What is the next book that you are working on and when will it be available?
At this point in time, another book has not been conceptualised as I’d like to give my current book all the focus and energy it needs to give it a fair chance to reach and help the people that need it the most.
When Kaylene Hay was diagnosed with Stage 3 vaginal cancer, her doctor advised her to have surgery. Because of her strong belief in cause and effect, she wanted to find out what could have contributed to this cancer, and particularly in the genital area. What she discovered, shocked her.
In For the Love of Self, Hay outlines the guidelines and strategies that helped with the healing of different diseases and imbalances in her mind and body, all woven within a collection of her life’s experiences. She tells how the success gained by using these strategies can be applied to any situation, and she shares the importance of looking beneath the surface of any presenting health issue to find the root cause, emphasizing surgery and drugs are not always the answer.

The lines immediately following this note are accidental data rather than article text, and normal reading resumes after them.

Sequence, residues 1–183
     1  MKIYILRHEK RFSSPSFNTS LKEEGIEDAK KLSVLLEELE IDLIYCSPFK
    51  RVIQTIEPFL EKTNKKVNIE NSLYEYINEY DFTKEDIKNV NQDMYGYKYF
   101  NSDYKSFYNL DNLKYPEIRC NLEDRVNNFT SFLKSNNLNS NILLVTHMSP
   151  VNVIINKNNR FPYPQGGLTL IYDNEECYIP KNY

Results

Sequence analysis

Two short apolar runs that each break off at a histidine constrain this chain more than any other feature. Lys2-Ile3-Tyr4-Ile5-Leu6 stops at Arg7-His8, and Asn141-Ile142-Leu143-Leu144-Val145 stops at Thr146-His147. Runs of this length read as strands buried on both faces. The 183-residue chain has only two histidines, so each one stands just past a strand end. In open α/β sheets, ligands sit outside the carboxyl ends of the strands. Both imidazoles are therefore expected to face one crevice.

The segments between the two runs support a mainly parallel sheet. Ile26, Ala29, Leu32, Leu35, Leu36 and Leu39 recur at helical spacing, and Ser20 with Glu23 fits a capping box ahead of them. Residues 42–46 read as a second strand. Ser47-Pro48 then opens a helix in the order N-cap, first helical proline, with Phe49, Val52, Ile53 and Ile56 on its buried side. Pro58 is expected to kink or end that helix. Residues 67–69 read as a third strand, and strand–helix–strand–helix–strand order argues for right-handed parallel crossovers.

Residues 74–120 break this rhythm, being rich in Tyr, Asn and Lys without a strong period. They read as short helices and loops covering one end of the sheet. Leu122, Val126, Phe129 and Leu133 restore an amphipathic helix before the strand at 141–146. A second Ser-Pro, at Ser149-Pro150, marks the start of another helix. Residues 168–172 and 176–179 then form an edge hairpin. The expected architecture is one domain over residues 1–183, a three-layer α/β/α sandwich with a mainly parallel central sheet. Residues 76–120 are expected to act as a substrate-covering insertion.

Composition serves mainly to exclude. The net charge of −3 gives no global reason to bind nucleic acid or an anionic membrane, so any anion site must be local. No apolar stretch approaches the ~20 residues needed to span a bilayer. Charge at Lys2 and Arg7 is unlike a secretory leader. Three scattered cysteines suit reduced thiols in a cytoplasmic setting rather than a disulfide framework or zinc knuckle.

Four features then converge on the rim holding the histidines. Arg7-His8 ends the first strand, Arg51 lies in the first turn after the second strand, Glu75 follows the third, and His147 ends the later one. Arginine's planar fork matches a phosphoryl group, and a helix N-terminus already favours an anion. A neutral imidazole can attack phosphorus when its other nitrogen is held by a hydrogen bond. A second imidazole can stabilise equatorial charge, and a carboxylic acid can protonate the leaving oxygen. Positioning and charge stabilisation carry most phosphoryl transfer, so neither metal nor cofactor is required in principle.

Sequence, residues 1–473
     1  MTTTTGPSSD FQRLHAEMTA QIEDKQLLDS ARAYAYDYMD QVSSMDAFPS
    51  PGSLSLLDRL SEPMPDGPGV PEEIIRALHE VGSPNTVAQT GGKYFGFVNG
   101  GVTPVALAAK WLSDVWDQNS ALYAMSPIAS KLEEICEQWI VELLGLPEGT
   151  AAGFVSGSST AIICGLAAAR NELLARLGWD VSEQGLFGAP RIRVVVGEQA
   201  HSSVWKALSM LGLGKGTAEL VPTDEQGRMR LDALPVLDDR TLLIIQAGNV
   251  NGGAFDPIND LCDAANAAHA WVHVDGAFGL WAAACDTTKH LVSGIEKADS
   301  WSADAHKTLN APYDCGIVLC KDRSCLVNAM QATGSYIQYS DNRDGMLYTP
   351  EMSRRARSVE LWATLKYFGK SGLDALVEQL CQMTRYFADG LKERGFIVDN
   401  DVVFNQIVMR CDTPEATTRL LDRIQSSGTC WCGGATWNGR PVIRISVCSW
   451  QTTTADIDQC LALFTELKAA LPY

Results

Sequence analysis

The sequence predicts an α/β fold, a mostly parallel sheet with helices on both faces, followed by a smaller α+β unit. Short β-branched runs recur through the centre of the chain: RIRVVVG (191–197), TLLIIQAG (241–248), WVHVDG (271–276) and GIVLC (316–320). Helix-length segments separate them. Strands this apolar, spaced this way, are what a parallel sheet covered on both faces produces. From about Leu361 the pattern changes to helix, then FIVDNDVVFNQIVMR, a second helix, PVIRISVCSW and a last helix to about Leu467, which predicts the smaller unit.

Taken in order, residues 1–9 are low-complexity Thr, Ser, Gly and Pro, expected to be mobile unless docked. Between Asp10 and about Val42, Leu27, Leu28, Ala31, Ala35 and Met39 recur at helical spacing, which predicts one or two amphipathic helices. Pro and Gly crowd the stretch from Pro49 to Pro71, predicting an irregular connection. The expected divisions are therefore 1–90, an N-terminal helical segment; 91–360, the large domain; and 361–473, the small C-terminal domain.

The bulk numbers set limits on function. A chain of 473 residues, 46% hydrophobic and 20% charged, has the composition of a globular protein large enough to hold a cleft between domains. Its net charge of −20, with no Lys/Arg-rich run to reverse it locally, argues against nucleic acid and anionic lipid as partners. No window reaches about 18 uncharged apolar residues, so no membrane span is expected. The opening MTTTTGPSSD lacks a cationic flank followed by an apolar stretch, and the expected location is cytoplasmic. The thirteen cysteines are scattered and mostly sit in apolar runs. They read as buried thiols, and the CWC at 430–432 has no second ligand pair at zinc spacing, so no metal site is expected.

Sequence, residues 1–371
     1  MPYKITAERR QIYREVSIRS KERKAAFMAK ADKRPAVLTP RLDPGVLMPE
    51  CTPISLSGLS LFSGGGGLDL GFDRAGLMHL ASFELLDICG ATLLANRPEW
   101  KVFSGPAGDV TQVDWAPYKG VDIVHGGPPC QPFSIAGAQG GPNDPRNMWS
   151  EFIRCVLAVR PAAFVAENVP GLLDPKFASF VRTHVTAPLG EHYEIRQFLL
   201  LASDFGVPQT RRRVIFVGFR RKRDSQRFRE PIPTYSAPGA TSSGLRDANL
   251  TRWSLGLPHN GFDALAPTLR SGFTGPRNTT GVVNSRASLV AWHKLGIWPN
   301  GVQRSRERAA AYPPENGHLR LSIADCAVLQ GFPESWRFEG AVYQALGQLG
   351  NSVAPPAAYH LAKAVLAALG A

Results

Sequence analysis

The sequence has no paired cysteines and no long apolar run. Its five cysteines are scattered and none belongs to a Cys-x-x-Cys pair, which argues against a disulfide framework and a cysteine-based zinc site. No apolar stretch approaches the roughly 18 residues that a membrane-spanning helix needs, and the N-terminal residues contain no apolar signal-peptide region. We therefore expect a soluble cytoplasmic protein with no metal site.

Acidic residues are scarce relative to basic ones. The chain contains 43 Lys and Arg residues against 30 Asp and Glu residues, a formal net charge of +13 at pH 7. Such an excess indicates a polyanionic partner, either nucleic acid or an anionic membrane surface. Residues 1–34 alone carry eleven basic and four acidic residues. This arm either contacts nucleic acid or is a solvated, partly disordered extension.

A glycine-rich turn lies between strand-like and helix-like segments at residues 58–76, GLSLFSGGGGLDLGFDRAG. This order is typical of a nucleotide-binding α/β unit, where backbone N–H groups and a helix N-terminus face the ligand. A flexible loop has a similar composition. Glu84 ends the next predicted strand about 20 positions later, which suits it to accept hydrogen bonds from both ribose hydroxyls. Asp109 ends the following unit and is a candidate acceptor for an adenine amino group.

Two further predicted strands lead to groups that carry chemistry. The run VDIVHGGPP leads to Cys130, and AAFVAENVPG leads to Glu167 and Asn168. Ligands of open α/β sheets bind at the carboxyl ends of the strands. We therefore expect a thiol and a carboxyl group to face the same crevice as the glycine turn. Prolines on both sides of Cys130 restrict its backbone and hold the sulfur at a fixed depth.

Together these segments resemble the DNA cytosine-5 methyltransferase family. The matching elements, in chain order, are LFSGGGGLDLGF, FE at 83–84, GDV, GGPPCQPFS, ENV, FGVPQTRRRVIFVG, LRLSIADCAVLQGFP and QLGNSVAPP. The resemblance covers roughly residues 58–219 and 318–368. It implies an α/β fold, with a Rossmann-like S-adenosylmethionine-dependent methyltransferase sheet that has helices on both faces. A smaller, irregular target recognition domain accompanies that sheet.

Through her own discoveries, Hay encourages others to find the courage to heal their physical, mental, emotional, and spiritual issues by taking responsibility for their health and well-being. For the Love of Self shows how all of the answers are within and people must find their way back to health, happiness, and empowerment by taking charge of their life and doing the inner work to achieve their goals.
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Themes of forgiveness, trust, honor, technology as a healer, and non-violence echo through the pages of The Beauty of the Fall. What was the inspiration for the themes you used throughout the novel?